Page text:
Continuing with a tradition that is now several years old, in 2012 I’ll again focus on my three words. The value of mindful focus into a narrow niche has been powerful, more so than any goal setting theory I’ve tried throughout my life. Here’s why: smart goals are specific destinations, and smart goal setting requires focus to weed out attractive distractions that might detour progress.
Chris Brogan is a prominent blogger who keeps this annual tradition of selecting three words; in this post he shares the choices of others in his community who follow along. Other bloggers that I read, like Ali Edwards, are devotees of “One Little Word.” Ali explains the value this process has for bringing focus to your activities:
Most of those using the three-words concept are choosing three separate words. My three words have presented themselves to me in phrase form, which is a little different. Just as Ali described, my three words have shown up in serendipitous or even random fashion. “Drink more champagne” came about while reflecting on a happy family holiday and listening to an inspiring story of a real achiever. “Only what matters” was the realization that more meaningful things would happen if we simplified our focus, approach, and expectations.
Whether its talismans are three words or one, a phrase or separate words, smart goal setting contains a combination of setting career goals and personal goals that balance meaningful purpose with business success. My three words have become somewhat of a value statement throughout the course of the focus year. “Only what matters” became a policy to which I could point when presented with an opportunity or someone else’s expectation. To whom did this matter? How long would this matter? How much attention did this situation deserve?
Likewise, “drink more champagne” allowed us to celebrate more. Instead of saving up enjoyment and special feelings for rare occasions, we live more in the moment. One of my dear friends recently said, “Betsy is the kind of friend who reminds you to drink champagne more often.” What a compliment! Finding something to celebrate every day has led my normal optimistic nature into a different value statement altogether. I continue to work very hard, harder in many ways than I’ve ever worked, but I am enjoying life more, too, and it’s infectious!
This year’s three words presented themselves several weeks ago, about the time we sent out our November “Attitude of Gratitude” newsletter. Inspired by Joshua Becker, who delineates gratitude as a discipline, rather than an emotion, I resolved at Thanksgiving to be more fully aware of the thankfulness in my heart. In the background while I was writing and editing that newsletter, I kept hearing my three words.
In just over six months of location independence, we’ve been able to redefine success more along the lines of Thoreau‘s definition: “Wealth is the ability to fully experience life.” Pete and I have created this kind of wealth by simplifying. We no longer worry about many of the things that consumed us in the past. With fewer responsibilities, come fewer distractions from the present moment. While the process of simplifying may have exacted its own price, we have gained much more clarity and purpose.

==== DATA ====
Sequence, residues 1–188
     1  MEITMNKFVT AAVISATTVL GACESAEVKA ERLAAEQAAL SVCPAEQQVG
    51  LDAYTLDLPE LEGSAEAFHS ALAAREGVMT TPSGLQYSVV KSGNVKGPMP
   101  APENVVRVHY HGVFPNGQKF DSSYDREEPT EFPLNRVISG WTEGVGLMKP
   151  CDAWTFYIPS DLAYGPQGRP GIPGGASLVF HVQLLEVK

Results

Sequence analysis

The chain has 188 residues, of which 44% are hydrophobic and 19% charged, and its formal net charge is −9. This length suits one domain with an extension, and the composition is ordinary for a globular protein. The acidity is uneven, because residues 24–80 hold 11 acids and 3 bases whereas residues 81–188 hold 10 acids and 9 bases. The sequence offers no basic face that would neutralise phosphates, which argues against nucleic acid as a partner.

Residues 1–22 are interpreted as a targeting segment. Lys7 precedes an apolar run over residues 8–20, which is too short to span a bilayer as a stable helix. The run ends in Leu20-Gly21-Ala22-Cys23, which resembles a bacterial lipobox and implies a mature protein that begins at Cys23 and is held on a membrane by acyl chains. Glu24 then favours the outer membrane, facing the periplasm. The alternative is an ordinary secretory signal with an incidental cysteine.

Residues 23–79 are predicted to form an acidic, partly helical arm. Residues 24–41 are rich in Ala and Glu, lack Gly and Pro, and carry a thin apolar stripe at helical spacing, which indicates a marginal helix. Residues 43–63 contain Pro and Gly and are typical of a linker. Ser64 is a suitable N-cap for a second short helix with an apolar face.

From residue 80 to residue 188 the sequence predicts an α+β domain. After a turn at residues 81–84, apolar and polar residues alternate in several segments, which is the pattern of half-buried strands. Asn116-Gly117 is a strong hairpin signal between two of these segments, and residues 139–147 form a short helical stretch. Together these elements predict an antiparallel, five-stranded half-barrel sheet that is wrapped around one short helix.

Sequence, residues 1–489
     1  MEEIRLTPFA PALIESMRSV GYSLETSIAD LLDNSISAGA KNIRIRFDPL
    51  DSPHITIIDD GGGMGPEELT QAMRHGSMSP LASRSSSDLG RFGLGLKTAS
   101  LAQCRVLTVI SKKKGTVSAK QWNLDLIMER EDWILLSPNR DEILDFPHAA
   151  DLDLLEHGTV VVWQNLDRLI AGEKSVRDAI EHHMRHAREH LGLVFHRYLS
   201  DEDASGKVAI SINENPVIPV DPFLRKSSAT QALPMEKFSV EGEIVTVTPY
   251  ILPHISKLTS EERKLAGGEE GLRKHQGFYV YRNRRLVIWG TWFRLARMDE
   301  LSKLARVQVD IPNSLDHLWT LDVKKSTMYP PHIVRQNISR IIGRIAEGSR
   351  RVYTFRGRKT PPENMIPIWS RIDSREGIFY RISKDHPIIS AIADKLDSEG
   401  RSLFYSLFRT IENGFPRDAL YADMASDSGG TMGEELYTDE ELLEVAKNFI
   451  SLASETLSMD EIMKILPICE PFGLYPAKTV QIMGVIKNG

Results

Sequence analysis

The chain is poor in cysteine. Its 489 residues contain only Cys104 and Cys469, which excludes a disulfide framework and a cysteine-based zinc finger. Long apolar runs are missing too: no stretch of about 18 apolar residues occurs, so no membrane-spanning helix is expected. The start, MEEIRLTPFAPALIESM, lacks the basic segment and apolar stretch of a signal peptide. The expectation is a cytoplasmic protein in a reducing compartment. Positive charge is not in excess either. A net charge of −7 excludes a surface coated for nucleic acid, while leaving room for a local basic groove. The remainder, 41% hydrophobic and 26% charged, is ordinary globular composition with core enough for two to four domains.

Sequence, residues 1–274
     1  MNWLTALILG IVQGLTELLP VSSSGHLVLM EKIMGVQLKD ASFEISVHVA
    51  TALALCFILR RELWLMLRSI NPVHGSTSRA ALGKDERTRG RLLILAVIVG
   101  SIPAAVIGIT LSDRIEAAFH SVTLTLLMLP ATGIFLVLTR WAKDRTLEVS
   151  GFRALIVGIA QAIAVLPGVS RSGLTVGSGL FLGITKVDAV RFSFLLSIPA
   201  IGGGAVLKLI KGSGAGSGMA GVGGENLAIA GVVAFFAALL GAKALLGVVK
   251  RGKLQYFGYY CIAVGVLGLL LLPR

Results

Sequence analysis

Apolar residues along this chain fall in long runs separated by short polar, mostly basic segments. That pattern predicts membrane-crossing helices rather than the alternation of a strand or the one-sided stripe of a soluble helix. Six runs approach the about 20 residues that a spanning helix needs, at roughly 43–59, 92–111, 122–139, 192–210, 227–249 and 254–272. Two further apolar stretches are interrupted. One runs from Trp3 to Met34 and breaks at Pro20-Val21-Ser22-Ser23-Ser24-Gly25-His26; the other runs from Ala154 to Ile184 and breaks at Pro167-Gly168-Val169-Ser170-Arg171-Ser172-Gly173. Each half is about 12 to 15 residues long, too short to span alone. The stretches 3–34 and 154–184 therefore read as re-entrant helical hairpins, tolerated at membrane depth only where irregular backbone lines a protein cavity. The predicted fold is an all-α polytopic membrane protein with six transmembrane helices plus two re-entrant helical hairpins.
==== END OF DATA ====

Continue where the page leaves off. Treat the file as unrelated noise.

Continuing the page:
There is a Zen quality to simplification, and our personal goal setting is geared toward keeping things as simple as possible. We’re rich, in that we have fewer worries and cares. A steady flow of opportunities presents itself from which we choose from based upon our value statement of simplicity and freedom in work and life. Because we remain aware of these opportunities, we’ll continue to enrich ourselves, financially, spiritually, and intellectually.
Along with this richness, an optimistic outlook fuels our ability to look beyond to new horizons. Smart goal setting incorporates present reality, but also contains a motivational component. What would happen if we reached beyond to a new benchmark? Keeping things simple makes further progress attractive and attainable. We can literally look beyond to a new horizon and set forth.
Finally, smart goal setting establishes a benchmark from which we can gauge our progress. Typical goal setting theory identifies these benchmarks as quantifiable. In our experience, this has been true – we’ve achieved significant revenue records, we can point to a hefty increase in number of products available for sale, the client roster has increased, etc. – but, any dashboard must also address the non-quantifiable aspects of smart goal setting. There are many. From the general feeling of well-being, to accessing creative work-flow, to smooth transitioning between the various activities and demands of the day, measure takes on a layered meaning. It’s not sufficient to measure numerically, you must measure using a general awareness of overall well-being. “All’s right with the world” is something that can’t be priced.
Our life now is comprised of awareness of how we are enriched, not only by our own actions, but with our interactions with others. This sense of well-being and flow has exceeded anything we ever expected. While we are still using smart goals and objectives in our planning, we realize that measurability isn’t always quantifiable, but instead can be established within an overall happiness and contentment spectrum. Even though we’ve weathered a tempest of personal challenge, together we’ve emerged and are forging ahead. We are:
“Rich. Beyond. Measure.”